Electrospun Nanofiber Composite Proton Exchange Membranes
Ballengee, Jason Bryan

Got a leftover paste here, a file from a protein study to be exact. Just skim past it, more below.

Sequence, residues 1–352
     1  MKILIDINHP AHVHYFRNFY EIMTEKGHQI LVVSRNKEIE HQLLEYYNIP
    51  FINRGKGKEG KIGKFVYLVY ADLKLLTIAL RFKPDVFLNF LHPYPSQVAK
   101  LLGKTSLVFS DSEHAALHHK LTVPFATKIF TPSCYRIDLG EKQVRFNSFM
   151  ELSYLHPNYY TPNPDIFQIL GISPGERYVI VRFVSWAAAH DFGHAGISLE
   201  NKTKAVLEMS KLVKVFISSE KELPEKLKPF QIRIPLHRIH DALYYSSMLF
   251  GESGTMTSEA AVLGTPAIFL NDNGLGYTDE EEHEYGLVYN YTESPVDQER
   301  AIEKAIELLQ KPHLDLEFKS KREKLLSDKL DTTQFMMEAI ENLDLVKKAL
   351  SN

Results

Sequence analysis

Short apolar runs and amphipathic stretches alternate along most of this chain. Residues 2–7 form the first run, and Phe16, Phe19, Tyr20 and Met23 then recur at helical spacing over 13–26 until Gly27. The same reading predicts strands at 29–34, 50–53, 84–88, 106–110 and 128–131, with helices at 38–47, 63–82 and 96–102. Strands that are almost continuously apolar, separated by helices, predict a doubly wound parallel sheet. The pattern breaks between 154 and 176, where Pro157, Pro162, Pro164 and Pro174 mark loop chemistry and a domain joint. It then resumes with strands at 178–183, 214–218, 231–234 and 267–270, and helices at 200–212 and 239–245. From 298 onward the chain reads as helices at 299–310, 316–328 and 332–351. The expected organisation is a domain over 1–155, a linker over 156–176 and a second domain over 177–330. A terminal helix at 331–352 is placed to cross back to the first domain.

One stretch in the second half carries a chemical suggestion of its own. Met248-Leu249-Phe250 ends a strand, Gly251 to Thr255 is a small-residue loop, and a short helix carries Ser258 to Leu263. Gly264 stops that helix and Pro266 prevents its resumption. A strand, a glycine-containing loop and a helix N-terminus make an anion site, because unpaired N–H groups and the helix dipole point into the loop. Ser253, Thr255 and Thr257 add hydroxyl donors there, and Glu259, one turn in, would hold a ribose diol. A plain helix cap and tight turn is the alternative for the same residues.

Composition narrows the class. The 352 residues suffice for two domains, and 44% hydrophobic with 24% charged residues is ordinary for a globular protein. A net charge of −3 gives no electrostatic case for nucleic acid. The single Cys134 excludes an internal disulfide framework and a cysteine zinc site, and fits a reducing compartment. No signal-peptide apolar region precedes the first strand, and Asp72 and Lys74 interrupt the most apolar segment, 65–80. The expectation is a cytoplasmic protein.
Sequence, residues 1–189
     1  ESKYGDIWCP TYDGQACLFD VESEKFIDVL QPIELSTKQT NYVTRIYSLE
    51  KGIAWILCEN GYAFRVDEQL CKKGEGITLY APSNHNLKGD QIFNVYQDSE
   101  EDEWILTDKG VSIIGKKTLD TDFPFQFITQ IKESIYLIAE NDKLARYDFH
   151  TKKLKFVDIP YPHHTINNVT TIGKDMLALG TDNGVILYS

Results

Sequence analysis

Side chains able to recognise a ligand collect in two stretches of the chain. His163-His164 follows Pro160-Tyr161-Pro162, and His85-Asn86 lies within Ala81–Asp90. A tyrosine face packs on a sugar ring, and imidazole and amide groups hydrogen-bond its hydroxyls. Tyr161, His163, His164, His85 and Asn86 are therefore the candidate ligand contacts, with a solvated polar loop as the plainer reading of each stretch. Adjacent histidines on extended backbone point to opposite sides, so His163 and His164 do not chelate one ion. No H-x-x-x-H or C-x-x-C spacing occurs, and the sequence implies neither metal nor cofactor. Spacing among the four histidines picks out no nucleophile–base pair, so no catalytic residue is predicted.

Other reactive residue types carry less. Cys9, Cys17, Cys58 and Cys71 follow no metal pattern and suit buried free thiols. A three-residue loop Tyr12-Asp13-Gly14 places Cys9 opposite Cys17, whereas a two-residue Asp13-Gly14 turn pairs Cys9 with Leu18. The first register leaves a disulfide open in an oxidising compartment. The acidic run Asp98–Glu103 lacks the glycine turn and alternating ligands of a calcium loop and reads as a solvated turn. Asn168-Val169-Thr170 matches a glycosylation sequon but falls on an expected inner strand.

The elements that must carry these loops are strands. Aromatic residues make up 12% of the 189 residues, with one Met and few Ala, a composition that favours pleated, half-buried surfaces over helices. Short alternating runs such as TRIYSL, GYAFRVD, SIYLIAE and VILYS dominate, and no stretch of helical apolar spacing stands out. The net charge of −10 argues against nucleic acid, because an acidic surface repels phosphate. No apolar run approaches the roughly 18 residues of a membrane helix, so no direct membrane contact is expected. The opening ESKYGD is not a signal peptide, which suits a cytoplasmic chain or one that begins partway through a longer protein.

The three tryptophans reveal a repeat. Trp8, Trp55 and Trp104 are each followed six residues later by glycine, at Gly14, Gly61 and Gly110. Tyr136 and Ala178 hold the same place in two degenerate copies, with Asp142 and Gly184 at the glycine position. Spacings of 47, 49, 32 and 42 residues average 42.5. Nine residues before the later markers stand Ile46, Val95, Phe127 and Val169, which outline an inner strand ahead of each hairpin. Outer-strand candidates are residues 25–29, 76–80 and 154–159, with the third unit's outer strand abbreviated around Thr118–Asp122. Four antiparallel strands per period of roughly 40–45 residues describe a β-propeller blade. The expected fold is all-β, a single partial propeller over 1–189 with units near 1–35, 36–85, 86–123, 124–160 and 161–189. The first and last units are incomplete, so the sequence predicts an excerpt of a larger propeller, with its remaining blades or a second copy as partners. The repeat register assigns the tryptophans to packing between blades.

Proton exchange membrane fuel cells (PEMFCs) are an attractive power plant for applications ranging from automobiles to personal electronic devices. However, PEMFCs still need improvement, particularly regarding the proton-exchange membrane at the heart of the fuel cell’s membrane-electrode-assembly (MEA). This dissertation describes novel composite membranes that address current limitations in proton exchange membrane (PEM) performance. A new dual-fiber electrospinning technique is introduced for PEM fabrication. Two polymers, an ionomer with fixed sulfonic acid sites and an uncharged/inert material, are electrospun simultaneously onto a common collecting surface from separate syringes. Follow-on processing can create two distinct structures: i) an ionomer film reinforced by inert fibers or ii) ionomer fibers encapsulated in inert polymer. This “forced-assembly” approach provides: i) ease of fabrication, in particular the elimination of a polymer solution impregnation step often required for other composite membrane systems, ii) versatility of membrane composition, i.e. normally immiscible/incompatible polymers can be blended together on a sub-micron scale, and iii) a high degree of morphological control, specifically two distinct structures are fabricated from the same dual-fiber mat where the nanofiber diameter and volume fractions of the two electrospun fiber types can be independently controlled. Furthermore, the method can be extended to create layered composite structures. The nanofiber composite membranes described herein have outstanding material properties, namely, low water swelling, good mechanical strength, and attractive proton conductivity. Such material properties result in excellent hydrogen/air fuel cell performance when these membranes are incorporated into a MEA. For example, a nanofiber membrane of Nafion and polyphenylsulfone lasts over 50% longer than a commercial Nafion film in an accelerated fuel cell durability test. Furthermore, a MEA containing a membrane with 3M Company’s 660EW perfluorosulfonic acid polymer reinforced by polyphenylsulfone nanofibers has higher power output than a commercial Nafion MEA. Layered nanofiber membranes with Nafion and polyphenylsulfone are shown to have acceptable sheet resistance and low methanol permeability, two desirable properties for direct methanol fuel cell (DMFC) applications. Additionally, a trilayer nanofiber membrane’s DMFC power output is ~3 times higher than commercial Nafion 117’s when operating at 0.4V with a 10M methanol feed.